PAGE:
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Leep, Tescher, Helfman and Zanze

Repetitive stress injuries add up, so don’t delay medical treatment

Repetitive stress injuries (RSIs) develop slowly, over time. Quite often, they’re work-related injuries that are directly tied to the motions a worker has to make over and over again to do their job.

Once an RSI develops, it can be quite debilitating. That’s why it is so important to seek medical care for a suspected RSI as soon as you develop any kind of symptoms.

What causes repetitive stress injuries?

There are dozens of activities that could lead to repetitive stress injuries, such as:

  • Lifting objects into place
  • Moving your hands and arms above your shoulders
  • Assembling products with similar movements
  • Typing all day
  • Using a computer mouse
  • Sitting in a stationary position
  • Climbing ladders

These actions could lead to many kinds of injuries as well. It’s important to seek medical attention as soon as you notice a problem so that you can focus on healing rather than pushing the injury until it is past the point of repair.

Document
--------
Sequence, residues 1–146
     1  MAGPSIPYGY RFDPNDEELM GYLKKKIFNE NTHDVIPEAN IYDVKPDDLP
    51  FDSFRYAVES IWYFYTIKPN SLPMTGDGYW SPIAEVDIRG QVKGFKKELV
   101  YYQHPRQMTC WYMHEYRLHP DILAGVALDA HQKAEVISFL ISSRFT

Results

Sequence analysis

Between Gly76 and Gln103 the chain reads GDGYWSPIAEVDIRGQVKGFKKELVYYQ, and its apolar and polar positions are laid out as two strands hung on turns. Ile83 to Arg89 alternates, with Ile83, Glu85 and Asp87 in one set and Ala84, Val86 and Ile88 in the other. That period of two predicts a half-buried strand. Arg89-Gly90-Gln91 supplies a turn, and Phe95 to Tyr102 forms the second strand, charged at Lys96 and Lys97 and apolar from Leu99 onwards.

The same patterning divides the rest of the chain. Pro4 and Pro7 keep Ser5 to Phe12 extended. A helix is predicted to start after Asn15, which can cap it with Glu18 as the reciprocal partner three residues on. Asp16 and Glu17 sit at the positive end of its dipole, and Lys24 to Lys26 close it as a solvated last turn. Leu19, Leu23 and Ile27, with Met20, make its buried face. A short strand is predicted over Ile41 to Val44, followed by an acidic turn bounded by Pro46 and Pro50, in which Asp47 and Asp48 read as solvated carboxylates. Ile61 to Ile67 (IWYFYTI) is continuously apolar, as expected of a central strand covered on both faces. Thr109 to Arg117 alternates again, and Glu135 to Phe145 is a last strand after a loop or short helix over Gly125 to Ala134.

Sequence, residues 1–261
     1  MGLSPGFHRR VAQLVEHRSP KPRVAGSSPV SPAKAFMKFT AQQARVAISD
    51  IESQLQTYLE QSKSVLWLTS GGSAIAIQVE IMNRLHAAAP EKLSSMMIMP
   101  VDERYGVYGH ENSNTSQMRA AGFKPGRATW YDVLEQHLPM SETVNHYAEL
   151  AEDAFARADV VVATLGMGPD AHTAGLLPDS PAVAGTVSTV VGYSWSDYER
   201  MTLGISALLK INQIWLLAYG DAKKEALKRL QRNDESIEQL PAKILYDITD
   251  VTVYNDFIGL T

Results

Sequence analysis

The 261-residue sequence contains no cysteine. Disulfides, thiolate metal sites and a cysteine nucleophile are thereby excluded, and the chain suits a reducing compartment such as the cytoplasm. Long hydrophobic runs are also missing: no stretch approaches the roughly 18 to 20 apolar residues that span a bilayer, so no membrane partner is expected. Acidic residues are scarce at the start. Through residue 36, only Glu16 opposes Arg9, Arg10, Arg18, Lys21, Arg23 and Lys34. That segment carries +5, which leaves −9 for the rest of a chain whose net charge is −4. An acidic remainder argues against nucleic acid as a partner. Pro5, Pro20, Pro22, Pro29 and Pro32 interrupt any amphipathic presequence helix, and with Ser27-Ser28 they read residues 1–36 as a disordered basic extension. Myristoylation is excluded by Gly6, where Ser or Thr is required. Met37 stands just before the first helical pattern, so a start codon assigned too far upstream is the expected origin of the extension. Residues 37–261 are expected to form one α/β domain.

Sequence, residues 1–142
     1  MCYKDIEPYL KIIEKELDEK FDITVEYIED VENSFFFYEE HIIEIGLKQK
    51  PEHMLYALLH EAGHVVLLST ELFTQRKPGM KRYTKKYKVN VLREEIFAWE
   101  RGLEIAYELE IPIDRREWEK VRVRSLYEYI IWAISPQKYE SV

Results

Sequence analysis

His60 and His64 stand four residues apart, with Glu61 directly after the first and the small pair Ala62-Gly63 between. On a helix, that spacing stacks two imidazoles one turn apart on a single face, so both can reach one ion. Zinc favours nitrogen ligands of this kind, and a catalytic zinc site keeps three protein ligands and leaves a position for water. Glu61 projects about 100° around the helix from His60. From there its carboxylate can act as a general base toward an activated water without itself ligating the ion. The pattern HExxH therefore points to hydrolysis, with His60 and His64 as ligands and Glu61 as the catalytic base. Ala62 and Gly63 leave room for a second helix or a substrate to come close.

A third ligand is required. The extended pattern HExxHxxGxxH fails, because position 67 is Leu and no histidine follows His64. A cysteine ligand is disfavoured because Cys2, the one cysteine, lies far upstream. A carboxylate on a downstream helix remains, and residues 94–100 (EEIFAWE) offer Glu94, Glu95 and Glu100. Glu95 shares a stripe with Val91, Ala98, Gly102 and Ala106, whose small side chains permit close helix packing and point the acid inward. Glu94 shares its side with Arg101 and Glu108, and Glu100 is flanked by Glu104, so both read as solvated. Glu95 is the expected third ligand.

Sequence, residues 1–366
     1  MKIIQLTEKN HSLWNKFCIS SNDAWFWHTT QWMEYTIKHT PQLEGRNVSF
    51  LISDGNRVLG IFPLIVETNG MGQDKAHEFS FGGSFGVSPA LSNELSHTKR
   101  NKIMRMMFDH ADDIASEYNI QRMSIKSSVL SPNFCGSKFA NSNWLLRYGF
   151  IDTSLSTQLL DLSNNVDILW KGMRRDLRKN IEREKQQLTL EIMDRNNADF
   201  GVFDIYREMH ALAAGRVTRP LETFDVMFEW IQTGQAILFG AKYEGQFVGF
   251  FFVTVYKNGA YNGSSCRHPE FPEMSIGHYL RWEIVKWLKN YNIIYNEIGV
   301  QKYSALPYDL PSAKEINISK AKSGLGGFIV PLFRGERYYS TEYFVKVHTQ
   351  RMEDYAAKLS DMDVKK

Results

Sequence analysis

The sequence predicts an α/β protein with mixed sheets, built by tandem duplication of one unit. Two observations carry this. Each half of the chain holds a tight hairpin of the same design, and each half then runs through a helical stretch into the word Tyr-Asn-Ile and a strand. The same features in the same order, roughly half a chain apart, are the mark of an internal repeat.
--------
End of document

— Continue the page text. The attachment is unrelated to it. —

What are some common repetitive stress injuries?

Some common repetitive stress injuries are:

  • Tennis elbow
  • Tendinosis
  • Tendinitis
  • Tenosynovitis
  • De Quervain’s syndrome
  • Cubital tunnel syndrome
  • Bursitis
  • Carpal tunnel syndrome

All of these injuries have the potential to make it impossible to work. Some of them are easier to recover from than others, depending on how long those injuries have been present and how severe they are. 

What should you do if you start having joint pain or weakness at work?

If you’re having pain or weakness that seems to be related to what you’re doing at work, let your employer know. You should see a medical professional for an exam. 

If it turns out that you do have a repetitive stress injury and need to take time off work for rehabilitation or other medical treatments, your employer’s workers’ compensation insurance should kick in and allow you to cover your lost wages and medical bills as you focus on your recovery.